I've worked for startups that went bankrupt overnight, and it's happen to several friends of mine. I worked as a freelancer for several years after the 2008 collapse, and experienced first hand what it's like to have clients disappear.

Times have changed since then and the economy is doing good, but this experience still worries me.

As a developer working for a startup that isn't profitable and spends money like water. I'm stuck only as an observer. The company shares their sales revenue but not their expenses, but it doesn't take an accountant to see this can't last forever.

One thing that worries me the most is how unprepared they are for tough times. Particularly in the costs associated with R&D and their current inefficiencies. The technical debt is huge, but what worries me more is how they're not gaining experience working within budgets.

It's a chaotic R&D process with random results and no accountability.

I'm not a partier, but this is a party culture. Anything and everything is celebrate as an achievement and drunken parties are weekly rituals.

It's difficult to be the voice of reason in a party culture.

There are many other deficiencies including a standard 30 hour work week. A weekly work from home day where no one does work. Weekly parties cost 2 work days per sprint, and a history of firing people who don't fit into the culture.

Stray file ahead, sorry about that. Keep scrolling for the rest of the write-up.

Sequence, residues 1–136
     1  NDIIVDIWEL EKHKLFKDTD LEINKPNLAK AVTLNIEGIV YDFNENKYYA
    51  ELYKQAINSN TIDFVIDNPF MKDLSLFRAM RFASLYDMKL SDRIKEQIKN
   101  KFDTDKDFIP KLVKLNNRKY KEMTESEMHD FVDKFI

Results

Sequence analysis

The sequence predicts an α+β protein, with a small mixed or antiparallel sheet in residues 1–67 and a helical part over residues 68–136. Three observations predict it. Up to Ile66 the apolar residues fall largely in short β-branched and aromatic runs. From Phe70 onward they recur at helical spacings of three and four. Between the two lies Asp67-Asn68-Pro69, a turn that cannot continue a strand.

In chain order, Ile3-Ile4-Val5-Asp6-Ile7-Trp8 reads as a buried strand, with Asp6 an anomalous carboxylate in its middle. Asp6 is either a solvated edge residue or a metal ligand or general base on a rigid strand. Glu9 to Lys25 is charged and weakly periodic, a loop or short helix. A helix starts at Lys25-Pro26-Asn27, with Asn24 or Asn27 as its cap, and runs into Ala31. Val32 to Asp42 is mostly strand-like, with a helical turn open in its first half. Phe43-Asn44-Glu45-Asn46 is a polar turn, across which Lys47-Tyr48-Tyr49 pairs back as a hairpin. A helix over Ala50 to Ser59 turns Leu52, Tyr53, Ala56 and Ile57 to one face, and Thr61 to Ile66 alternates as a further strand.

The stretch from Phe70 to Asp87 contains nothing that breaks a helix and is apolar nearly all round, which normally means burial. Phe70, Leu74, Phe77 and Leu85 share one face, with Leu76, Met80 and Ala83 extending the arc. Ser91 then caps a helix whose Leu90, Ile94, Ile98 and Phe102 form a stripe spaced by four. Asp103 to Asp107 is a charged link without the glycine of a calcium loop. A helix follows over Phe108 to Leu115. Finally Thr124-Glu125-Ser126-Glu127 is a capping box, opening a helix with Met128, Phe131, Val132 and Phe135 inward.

So I drink, I laugh and I play along.

Should I be actively looking for a new job?

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    What's preventing you from looking for a new job now? What's the conflict? – BSMP Jun 19 '18 at 16:01
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    @BSMP the risks of starting another job and the fear of going into a worse situation. I would hate to later regret my decision. – user7360 Jun 19 '18 at 16:02
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    @cgTag Risk and fear are there for every job search. We can't tell you whether that emotional risk is worth it for you or not. That is a personal decision. – David K Jun 19 '18 at 16:03

I've also worked in a startup that went belly-up about 8 months after I left, and it's not an easy call as to what to do.

If you do choose to leave, you will probably second guess yourself constantly afterwards for months, just like I did until a liquidator contacted me enquiring if I wanted to buy the software.

Go with your gut instinct. Don't let yourself be left in the position where you are spending your savings while searching for a new job, and don't work someplace where you are waiting for the bottom to fall out from under you. You said it yourself - you are lying awake at night with worry. The only people who should ever be doing that are those who are supposed to be running the company.

A huge number of startups fail in the first 5 years, which is about the average amount of time it takes for a new company to finally turn a profit. Working for one is always a gamble.